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Discussion Starter · #1 ·
Greetings All!

First, I hope everyone had a great summer sailing season! It was my first season in my 1972 MacGreggor Venture 21. I used it only in Barnegat Bay here in New Jersey, and had a great time learning to sail (mostly solo). Fortunately, I got it out of the water just before Sandy, and am now looking forward to fixing and improving it over the winter - which brings me to the issue of this posting - refinishing the rudder.

The attached photos show the two main sections of the rudder. My plan is to strip off all paint, sand all the wood, replace the rusted bolts/nuts/etc first, THEN do whatever staining/varnishing/painting/whatever is best - SO, I'm hoping I'll get a few tips here on SailNet!

While I had the boat in a slip this season (as you can see, I got a substantial amount of barnacle buildup), I'm planning to trailer-launch it next year, therefore I'm assuming stain and varnish on the wood will be ok. Yes? No?

The large metal plates appear to have a thick coat of black paint on them, so I'm thinking of stripping them with the appropriate chemical(s), then sanding and repainting.

Any thoughts, suggestions or advice are VERY welcome and appreciated!
Marc
 

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The plates may well be anodized aluminum.. probably no need to take that finish off if so.

I'd also suggest that you modify your gudgeons and pintles in a way that makes them easy to remove between sails.. whatever you do to your rudder will fare better and longer if it's not always immersed. You can get little 'keeper' clips that mount above the pintle on the transom to prevent accidental lifting out. Set that up rather than the keeper pin and you can leave the rudder in the cockpit between trips. No Barnies....;)
 

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Welcome to Sailnut FishDragon.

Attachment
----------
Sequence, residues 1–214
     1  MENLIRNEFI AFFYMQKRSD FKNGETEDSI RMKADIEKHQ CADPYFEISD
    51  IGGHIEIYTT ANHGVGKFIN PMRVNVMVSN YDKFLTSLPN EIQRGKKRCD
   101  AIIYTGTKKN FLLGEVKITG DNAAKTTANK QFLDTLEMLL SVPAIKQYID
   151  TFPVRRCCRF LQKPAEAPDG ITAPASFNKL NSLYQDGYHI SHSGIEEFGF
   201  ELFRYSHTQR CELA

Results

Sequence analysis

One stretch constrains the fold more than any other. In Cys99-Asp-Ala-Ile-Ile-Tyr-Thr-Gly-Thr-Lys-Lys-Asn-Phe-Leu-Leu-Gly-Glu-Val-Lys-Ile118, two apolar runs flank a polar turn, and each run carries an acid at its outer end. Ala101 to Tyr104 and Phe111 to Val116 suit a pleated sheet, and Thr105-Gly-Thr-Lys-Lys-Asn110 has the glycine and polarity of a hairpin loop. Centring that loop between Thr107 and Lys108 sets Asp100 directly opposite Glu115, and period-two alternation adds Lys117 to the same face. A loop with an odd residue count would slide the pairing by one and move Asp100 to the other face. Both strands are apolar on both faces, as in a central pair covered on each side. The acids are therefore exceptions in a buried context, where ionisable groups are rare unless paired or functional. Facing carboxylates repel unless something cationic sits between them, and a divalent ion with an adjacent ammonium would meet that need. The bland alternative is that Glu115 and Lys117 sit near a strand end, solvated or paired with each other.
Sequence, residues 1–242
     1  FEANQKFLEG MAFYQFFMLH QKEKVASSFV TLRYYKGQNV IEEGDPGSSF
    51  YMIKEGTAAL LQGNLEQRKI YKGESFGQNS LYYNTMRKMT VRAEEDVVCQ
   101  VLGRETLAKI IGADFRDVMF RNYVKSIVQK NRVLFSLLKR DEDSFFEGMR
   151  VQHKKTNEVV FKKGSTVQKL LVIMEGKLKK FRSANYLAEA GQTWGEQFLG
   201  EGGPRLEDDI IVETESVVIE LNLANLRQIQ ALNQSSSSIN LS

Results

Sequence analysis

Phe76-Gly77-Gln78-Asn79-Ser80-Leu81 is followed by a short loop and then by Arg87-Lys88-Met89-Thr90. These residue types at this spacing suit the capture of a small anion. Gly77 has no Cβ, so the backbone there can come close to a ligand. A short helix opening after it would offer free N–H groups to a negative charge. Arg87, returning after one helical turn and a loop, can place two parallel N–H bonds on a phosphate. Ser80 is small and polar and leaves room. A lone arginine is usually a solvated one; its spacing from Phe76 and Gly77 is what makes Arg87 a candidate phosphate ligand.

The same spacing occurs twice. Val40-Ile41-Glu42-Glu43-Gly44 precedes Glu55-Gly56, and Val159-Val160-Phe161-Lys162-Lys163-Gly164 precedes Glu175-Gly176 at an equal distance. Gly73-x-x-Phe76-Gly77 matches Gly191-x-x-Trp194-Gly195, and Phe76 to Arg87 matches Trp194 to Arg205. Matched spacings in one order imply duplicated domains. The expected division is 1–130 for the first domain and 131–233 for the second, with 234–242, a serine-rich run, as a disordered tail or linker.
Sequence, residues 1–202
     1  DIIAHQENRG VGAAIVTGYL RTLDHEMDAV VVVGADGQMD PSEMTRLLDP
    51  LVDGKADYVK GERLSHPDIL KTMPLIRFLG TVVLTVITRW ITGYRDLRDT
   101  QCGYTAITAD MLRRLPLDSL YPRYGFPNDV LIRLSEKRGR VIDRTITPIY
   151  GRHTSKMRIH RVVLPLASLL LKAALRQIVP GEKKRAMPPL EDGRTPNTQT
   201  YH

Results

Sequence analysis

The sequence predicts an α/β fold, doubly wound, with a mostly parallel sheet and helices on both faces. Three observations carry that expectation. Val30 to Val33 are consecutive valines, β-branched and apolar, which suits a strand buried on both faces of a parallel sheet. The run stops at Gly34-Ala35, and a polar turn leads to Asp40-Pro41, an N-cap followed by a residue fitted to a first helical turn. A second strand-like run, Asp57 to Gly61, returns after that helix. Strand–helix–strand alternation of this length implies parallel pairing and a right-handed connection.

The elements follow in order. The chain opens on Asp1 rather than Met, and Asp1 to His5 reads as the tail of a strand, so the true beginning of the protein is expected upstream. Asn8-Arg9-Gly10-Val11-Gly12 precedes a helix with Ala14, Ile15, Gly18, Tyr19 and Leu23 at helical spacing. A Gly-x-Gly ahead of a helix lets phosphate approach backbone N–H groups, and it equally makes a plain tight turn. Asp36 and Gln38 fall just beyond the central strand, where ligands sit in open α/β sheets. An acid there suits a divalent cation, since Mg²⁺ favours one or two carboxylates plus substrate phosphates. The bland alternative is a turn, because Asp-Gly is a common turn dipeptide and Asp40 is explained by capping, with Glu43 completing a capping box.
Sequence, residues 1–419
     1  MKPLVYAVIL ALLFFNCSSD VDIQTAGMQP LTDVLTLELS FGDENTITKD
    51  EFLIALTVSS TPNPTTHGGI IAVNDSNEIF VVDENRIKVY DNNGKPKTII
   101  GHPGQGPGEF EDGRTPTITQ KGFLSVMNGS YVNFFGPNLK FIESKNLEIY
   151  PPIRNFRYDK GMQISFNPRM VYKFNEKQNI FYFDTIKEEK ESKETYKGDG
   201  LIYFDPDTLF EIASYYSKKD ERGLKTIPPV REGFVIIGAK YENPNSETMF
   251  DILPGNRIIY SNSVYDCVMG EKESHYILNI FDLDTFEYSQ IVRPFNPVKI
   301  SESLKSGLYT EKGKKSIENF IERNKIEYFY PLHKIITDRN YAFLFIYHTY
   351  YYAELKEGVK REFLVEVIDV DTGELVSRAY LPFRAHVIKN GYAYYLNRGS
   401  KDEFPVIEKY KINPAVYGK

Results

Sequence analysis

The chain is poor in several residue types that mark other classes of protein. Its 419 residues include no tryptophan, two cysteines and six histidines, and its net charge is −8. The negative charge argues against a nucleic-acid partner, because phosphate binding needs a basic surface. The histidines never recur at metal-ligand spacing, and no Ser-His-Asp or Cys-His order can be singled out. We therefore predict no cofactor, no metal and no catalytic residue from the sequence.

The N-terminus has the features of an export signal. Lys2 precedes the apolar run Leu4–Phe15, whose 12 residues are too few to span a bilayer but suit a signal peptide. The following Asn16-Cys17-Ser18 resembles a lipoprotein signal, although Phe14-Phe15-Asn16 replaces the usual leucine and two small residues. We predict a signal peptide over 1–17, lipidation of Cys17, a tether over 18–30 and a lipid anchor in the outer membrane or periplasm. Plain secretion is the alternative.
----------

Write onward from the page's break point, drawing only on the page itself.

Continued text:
Good for you for getting your boat the he!! away from the storm surge of Sandy!

Here is the spec of the Mac 21': MACGREGOR 21 sailboat specifications and details on sailboatdata.com

I'm not very familiar with the V21 so please bear with me.
As Faster suggested, if you can actually remove the rudder when you are not using the boat it will not get nearly as many barnacles. This is a great idea, especially if you end up using sub optimal marine finishes on the surfaces. Varnish, most finishes and most paints will not last too long when submerged in water for a long time, especially over a wood surface.

For your metal surfaces/plates I'd think about using something like: Pettit Zinc Coat Barnacle Barrier

The problem with wood in underwater use is that it will swell, eventually causing seams that allow more water intrusion. The most widely recommended course of action would be to clean/sand down to wood and coat it with epoxy and glass cloth and then apply an anti fouling paint of some kind. If you can keep the rudder out of the water most of the time then a good marine varnish, with 8 - 10 coats could certainly last a season (perhaps 2 or 3).

Not that I could not understand your post (pics help a ton BTW) but the 'nautical' terminology for the pins on the rudder are 'pintles', and the female opening they fit into on the transom, or back of boat, are called 'gudgeons'. That should help if you want to find new hardware as it seems to have a patina of rust and is likely stainless steel (SS), which can/will fail.

I've had rudder failures before in boats smaller than your V21 and it never seems to happen when it does not matter; it is always when you need it most.

There are ways of actually steering a boat without a rudder but it is not something you want to learn quickly in an emergency. It is good practice to be able to come about and jibe without a rudder though. I've done it in smaller boats but should try it myself on my 27 footer.
 

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Discussion Starter · #4 · (Edited)
Thank you Faster and CalebD

Wish I'd thought of removing the keel at the start of the year - seems so obvious now, lol. I will def look at the keeper clips and other. Thanks!

As for the plates, they are spots where the finish has been eaten thru, including what appears to be damage to the metal, so unless there's some reason not to, I'd prefer to strip them down and refinish them.

CalebD, thanks for the parts explanation, very helpful! Also, as I see you're in NY (I live in NJ, west of Newark), I have a question for you - I'm thinking of primarily launching from Keyport, NJ and (obviously) sailing Raritan Bay next year. Of the dozen or so sails I did this year, I did almost all of them solo, getting to the point that I was sailing in 20mph winds using both main and jib (which I'm sure to most is no big deal, but to me it felt like a real accomplishment!). Does that seem like a reasonable plan, or am I overestimating my sailing skills?
 
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